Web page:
Despite the position of the Islamic schools, examples from the Hadith corpus, and best efforts to prevent it from happening, the popular opinion formed among contemporary Muslims is that this practice is obligatory. So, let us turn our attention towards contemporary scholars and explore their position on the matter. Al-Hafiz Basheer Ahmad Masri, Islamic scholar, Imam, and animal welfare writer, emphasised animal sacrifice as a “means to serve a social need”[iii], and, thus, proposed gifting money instead of meat. He also highlighted verse 2:196 from the Qur’an, which offers alternatives itself, namely fasting and charity[iv]. Sheikh Ahmad Kutty, Senior Lecturer and an Islamic Scholar at the Islamic Institute of Toronto, Canada, meanwhile explains:
“Offering sacrifice is not an obligatory ritual; it is only a recommended one. So, we are not obligated to observe the ritual year after year. That is the lesson both the pious Caliphs, Abu Bakr, and Umar wanted to impart. […] Since sacrifice is not obligatory, a person can choose not to do it and give charity money.”[v]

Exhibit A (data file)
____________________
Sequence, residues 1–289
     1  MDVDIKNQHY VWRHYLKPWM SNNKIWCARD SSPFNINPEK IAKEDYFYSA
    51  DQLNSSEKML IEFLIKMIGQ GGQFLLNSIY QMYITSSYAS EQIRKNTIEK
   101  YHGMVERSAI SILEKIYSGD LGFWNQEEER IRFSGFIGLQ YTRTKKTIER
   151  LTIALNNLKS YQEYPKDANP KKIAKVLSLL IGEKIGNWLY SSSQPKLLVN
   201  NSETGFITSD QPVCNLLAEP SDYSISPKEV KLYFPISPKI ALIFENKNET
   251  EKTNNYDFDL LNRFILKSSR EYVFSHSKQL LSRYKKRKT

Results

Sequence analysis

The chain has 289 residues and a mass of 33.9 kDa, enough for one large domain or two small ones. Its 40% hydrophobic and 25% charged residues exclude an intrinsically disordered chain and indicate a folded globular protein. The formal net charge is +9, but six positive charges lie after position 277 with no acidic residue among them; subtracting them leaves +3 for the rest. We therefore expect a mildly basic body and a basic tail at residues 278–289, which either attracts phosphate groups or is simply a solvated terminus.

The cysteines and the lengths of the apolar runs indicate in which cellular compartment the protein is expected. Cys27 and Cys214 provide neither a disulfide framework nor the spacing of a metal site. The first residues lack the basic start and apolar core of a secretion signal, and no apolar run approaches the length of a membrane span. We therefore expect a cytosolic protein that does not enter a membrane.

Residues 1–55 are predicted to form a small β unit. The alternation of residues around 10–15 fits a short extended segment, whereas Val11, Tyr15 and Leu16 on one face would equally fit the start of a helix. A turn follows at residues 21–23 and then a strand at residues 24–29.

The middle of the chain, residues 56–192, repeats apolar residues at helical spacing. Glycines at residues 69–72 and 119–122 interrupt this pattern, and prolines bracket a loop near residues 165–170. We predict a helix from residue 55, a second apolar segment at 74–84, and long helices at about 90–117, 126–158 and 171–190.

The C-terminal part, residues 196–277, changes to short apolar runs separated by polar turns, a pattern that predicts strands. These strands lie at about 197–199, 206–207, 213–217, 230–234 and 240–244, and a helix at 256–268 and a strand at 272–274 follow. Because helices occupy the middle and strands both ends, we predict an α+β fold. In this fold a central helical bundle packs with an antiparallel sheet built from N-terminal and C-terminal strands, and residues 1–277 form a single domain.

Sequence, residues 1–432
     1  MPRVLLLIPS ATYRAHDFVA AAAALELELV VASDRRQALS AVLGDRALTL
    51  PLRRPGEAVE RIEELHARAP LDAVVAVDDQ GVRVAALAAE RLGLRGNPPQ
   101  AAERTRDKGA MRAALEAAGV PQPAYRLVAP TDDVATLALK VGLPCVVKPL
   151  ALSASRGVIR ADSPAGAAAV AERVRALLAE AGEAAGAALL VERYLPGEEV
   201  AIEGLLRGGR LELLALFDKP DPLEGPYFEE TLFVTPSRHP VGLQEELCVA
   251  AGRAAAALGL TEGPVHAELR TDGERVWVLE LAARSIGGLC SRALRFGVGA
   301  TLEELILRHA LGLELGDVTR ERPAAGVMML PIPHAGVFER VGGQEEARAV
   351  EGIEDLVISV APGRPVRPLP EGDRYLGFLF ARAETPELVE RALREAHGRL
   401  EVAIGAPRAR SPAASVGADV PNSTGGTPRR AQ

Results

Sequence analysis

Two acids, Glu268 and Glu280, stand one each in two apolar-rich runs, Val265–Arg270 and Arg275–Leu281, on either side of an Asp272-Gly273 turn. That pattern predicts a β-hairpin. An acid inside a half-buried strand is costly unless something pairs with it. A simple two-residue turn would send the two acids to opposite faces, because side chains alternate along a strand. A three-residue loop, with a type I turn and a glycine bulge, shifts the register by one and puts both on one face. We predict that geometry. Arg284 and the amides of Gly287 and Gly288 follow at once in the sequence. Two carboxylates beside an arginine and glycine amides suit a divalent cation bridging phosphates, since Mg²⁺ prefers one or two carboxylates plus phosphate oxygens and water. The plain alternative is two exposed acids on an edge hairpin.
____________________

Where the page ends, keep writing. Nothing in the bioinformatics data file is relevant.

Further, Dr Khaled Abou El Fadl, Professor of Law at the UCLA School of Law and founder of the Institute of Advanced Usuli Studies, explains:
“While the zakat due in the udhiyah remains obligatory, the consumption and providing of meat is not. In other words, one may slaughter and donate meat; one may pay for the slaughter and donation of meat; or one may simply donate the amount of money due directly to needy families for the recipients to spend it as they deem fit.”
“The point of Eid al-Adha is not the sheep or the meat; the point is sharing and community and, above all, brotherhood and sisterhood in the true sense of the word. To my knowledge, among the classical jurists, it is well-established that money can be dispensed directly to the needy so that they may feed themselves in the way that they see most fit, and one does not need to be limited to the distribution of meat.”[vi]
Thus, we see a clear discrepancy between Islamic law and popular perceptions among the Muslim community.